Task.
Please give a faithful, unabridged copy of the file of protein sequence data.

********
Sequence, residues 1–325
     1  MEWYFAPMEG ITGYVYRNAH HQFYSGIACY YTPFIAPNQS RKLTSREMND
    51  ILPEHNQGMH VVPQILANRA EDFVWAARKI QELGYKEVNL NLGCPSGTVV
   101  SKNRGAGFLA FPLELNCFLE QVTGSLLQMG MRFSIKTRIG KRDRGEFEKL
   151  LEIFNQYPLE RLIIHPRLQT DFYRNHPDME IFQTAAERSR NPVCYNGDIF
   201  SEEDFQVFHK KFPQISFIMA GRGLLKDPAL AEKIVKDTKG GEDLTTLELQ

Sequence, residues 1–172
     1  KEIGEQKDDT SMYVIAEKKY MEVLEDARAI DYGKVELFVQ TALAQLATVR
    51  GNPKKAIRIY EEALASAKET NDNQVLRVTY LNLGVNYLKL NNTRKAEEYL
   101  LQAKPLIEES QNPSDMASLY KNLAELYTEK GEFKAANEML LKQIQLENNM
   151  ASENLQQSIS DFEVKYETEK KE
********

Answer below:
Sequence, residues 1–325
     1  MEWYFAPMEG ITGYVYRNAH HQFYSGIACY YTPFIAPNQS RKLTSREMND
    51  ILPEHNQGMH VVPQILANRA EDFVWAARKI QELGYKEVNL NLGCPSGTVV
   101  SKNRGAGFLA FPLELNCFLE QVTGSLLQMG MRFSIKTRIG KRDRGEFEKL
   151  LEIFNQYPLE RLIIHPRLQT DFYRNHPDME IFQTAAERSR NPVCYNGDIF
   201  SEEDFQVFHK KFPQISFIMA GRGLLKDPAL AEKIVKDTKG GEDLTTLELQ

Sequence, residues 1–172
     1  KEIGEQKDDT SMYVIAEKKY MEVLEDARAI DYGKVELFVQ TALAQLATVR
    51  GNPKKAIRIY EEALASAKET NDNQVLRVTY LNLGVNYLKL NNTRKAEEYL
   101  LQAKPLIEES QNPSDMASLY KNLAELYTEK GEFKAANEML LKQIQLENNM
   151  ASENLQQSIS DFEVKYETEK KE